Core bond yields initially extended gains after a sharp move on yesterday’s stronger-than-expected PMIs on either side of both the Atlantic and the Canal. German Bunds underperformed US Treasuries this time. French ECB Villeroy was acting spoilsport for the day though. He backtracked on his comments made end last week. Implicitly referring to an ECB rate of 4% as he saw the tightening cycle ending in September, he added today that markets overreacted a little and that the central bank “in no way” is obliged to hike at every meeting in the runup to it. His intervention called off the early 2-4 bps rise in European rates. The German yield curve turns slightly less inverse with yields declining 1.8 bps in the 2-5y segment but with the long end still adding a few bps. US yields eased 3.6 bps (30y) to 5.6 bps (2y). Fed’s Bullard repeated his call for a 5.25-5.5% Fed policy rate and getting there ASAP but sounded optimistic about “beating inflation in 2023” citing the ongoing disinflationary process. It triggered some additional UST gains, coming from the central bank’s most outspoken hawk. UK gilts notably underperform. After Tuesday’s sharp (services) PMI rebound markets are reconsidering their (too pessimistic?) views on the economy and monetary policy. Curve inversion deepens with yield changes ranging between +1.2 bps (30y) to +4 bps (2y).
Catching up with Wall Street yesterday, European stocks deepened opening losses to a little over 1% in the Euro Stoxx 50 before bottoming early afternoon. The timing coincided with Bullard’s not-so-hawkish interpreted speech but the technicals helped too. The lower bound of the upward trading range was tested multiple times but held tight, triggering a countermove instead. Current losses amount to 0.3% only. US indices open with small gains. Gradually improving sentiment lifted EUR/USD from the intraday lows around 1.062. The pair is still slightly down on a net daily basis though (around 1.064). The trade-weighted DXY struggles to surpass resistance at 104.11 (23.6% recovery on the Sep-Feb downleg). Sterling’s intraday fall and rise corelated with risk sentiment. EUR/GBP’s attempt to recoup some of yesterday’s almost 100 point drop ended in tears. The pair is currently trading unchanged just below 0.88.News & Views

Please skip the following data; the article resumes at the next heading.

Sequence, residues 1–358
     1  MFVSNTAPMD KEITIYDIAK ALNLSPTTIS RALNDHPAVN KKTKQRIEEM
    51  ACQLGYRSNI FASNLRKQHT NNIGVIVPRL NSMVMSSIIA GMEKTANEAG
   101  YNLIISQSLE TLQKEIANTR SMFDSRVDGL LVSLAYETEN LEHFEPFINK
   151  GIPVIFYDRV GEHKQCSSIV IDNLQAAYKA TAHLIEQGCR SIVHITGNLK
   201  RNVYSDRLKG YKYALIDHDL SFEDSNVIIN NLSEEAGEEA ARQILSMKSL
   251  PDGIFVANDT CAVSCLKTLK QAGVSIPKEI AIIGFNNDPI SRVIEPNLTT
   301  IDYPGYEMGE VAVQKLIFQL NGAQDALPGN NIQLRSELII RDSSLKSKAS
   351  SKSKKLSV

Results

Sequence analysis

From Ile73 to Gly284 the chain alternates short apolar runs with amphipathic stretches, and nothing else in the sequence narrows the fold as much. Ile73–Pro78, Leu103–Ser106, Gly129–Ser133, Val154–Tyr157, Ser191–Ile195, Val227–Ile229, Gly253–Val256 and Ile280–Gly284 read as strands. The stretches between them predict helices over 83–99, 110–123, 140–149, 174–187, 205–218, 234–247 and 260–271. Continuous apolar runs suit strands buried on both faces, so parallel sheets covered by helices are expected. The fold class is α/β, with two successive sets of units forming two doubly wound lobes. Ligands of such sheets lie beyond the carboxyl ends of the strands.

Germany reported a final CPI figure for January with the domestic CPI index confirmed at 1.0% M/M and 8.7% Y/Y. However, a revision introducing a new base year 2020 resulted in the figure of December 2022 and November 2022 being downgraded to 8.1% and 8.8% respectively from 8.6% and 10.0% before the revision. In this respect, the Federal Statistical Office concluded that ‘the price increase thus accelerated at the beginning of the year’. According to the head of the Federal Statistical Office it is ‘observing price rises for many goods and to an increasing degree also for services. Households paid higher prices in particular for energy and also food prices in January’.
The government of South Africa today announced its budget for fiscal year 2023. In the economic projection supporting the budget, the government sees growth slowing down to 0.9% this year from 2.5% in 2022. Inflation is expected to ease to 5.3% from 6.9%. The 2022/2023 budget deficit is expected to come out at 4.2% of GDP, better than the October forecast of 4.9%. The budget deficit is expected to gradually decline further to 3.2% in 2025/2026. The government also announced it will provide ZAR 254 bn in debt relief for the power utility Eskom. Part of the debt relief will be funded via the budget while ZAR 118 bn will be additional borrowing. Amongst others, this will raise gross debt to 73.6 % of GDP in 2025/26 compared to 71.1% expected for current fiscal year. The rand initially gained modestly after the budget statement, but at USD/ZAR 18.22 it returned most of its intraday gains. The rand recently lost ground, partially due to uncertainty on the economic impact from ever growing power blackouts.
According to the monthly business survey of the National Bank of Belgium, business sentiment in the country improved slightly in February. The NBB indicated that the situation varies depending on the sector. Business climate improved in the manufacturing (-14.8 from -16.7) and building industries (-5.8 from -6.6), but deteriorated in the business-related services (-7.2 from -6.6) and, above all, in trade (-24.2 from -14.2). The overall synthetic curve improved from -13.5 in January to -12.8 this month.